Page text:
But while life in this mountaintop city of 70,000 Christians and Muslims has returned to normal, there are few Christian pilgrims here to appreciate it.
“The tour groups canceled when the war began, but now that the war is over they haven’t returned,” said Samira Abu Nasser, a Catholic travel agent whose agency is located just down the road from the Basilica of the Annunciation — the church that, according to tradition, is built on the site of the home of Mary.
“For anyone who relies on tourism, it is very difficult,” she said.
Like numerous other northern
Israeli cities, towns and villages,
On July 18, Katyusha rockets rained down on a residential neighborhood, killing a 9-year-old boy and his 3-year-old brother.
As the war raged, tourism to
Even now, he said, “it’s heartbreaking to see a hotel with more than 200 rooms but only three occupants.”
Shihada estimated that “thousands” of Nazarenes employed in tourism and related industries have been affected by the dearth of pilgrims.
“Imagine a single hotel that is forced to close for a couple of weeks — more than 1,200 people find themselves unemployed, and multiply that number by 10,” he said. “Every restaurant employs 10 to 12 waiters, and they have no work. We’re also talking about souvenir shops, tour buses, taxis and many other businesses.”
The recent conflict was an
especially hard blow because, the tourism official said,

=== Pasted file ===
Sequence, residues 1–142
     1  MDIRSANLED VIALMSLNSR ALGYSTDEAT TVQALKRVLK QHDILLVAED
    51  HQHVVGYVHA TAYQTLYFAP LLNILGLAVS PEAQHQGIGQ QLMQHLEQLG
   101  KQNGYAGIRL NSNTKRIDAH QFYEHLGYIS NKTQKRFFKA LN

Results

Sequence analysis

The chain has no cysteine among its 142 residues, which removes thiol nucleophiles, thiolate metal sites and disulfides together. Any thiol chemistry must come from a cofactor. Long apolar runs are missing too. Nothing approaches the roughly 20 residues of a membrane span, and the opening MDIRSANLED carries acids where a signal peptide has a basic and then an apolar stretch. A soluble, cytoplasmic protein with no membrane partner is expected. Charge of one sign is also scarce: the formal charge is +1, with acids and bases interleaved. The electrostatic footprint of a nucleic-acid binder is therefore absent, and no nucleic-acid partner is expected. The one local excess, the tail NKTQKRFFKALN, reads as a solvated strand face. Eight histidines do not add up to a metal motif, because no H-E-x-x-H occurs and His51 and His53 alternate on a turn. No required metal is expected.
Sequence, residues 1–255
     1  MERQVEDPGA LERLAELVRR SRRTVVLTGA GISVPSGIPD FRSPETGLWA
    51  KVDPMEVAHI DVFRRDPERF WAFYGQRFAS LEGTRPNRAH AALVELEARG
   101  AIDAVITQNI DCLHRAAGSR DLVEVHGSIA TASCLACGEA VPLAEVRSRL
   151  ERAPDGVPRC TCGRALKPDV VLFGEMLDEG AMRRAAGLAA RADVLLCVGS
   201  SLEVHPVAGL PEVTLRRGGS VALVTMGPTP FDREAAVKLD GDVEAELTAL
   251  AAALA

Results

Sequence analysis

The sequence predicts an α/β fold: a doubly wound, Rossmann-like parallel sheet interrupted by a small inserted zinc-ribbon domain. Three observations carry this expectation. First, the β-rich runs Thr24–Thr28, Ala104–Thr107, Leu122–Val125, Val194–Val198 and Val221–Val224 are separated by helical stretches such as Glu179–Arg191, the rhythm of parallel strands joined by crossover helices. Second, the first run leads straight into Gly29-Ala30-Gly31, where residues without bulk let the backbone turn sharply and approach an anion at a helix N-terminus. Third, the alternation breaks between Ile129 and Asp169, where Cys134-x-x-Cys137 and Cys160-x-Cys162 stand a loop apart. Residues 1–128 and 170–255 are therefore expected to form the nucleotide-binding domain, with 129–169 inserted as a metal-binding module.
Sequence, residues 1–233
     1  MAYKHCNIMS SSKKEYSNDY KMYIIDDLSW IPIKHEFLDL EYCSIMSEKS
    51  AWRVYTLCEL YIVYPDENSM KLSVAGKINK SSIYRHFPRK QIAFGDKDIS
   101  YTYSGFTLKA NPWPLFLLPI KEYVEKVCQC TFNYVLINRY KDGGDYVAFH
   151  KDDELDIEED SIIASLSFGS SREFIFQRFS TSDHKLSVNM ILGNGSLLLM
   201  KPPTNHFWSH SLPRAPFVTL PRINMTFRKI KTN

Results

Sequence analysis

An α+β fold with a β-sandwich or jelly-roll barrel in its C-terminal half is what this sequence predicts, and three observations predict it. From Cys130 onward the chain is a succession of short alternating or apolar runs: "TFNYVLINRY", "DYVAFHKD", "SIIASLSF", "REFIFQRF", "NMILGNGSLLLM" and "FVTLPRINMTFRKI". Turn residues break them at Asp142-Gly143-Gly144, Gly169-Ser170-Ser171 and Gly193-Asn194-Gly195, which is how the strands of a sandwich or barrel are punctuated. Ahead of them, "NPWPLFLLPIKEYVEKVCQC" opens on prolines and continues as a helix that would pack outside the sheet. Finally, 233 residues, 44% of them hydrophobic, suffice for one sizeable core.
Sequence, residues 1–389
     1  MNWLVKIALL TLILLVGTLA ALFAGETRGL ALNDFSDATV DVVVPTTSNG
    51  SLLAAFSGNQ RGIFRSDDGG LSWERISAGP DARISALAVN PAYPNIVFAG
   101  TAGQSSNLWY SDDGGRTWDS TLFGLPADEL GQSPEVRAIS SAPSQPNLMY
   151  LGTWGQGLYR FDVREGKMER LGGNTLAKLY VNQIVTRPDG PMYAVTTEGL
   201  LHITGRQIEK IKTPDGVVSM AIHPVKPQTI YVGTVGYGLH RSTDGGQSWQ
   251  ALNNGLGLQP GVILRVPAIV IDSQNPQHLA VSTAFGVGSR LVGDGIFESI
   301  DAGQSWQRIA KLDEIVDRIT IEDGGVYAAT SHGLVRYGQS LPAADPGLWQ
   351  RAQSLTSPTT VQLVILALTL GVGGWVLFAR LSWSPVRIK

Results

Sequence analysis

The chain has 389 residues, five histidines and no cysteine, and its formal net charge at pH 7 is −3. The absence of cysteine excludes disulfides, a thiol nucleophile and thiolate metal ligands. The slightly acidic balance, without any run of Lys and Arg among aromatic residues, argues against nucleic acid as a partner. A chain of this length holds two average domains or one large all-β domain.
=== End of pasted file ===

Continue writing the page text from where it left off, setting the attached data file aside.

“Most of 2000 was fantastic,” Shihada recalled. “The Pope came to
Since the conflict with Hezbollah, pilgrims and tour operators are taking a wait-and-see attitude, Shihada said.
“The tour operators abroad told me
they are waiting for stability, peace and quiet,” he said. “They said they’d
spent a lot of money marketing the
So are local residents, who cannot understand why pilgrims have not returned to this holy city, which is so rich in Christian history and culture.
A month after the cease-fire,
there are very few tour buses in
“We have no business,” said a longtime shopkeeper who gave her name as Cohar, whose store, which sells Nativity scenes and stuffed camels, had no customers. “We didn’t work during the war — there were no pilgrims to sell to — and now business is still very bad.”
The Israeli government has just
earmarked $8 million to market the north of
Like many Nazarenes, Shihada is hoping that Christian leaders around the world will encourage the faithful to visit the region.
Said Shihada, “It is up to the Church to bring pilgrims back to
Michele Chabin writes from